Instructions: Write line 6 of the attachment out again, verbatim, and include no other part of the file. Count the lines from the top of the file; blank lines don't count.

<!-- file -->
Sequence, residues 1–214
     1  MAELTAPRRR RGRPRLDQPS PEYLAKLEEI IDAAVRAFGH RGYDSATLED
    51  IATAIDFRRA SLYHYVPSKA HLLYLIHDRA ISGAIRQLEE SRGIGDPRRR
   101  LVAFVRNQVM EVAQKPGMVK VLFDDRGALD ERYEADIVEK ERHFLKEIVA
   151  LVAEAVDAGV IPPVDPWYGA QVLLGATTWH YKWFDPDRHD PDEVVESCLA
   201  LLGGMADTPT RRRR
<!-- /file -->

   201  LLGGMADTPT RRRR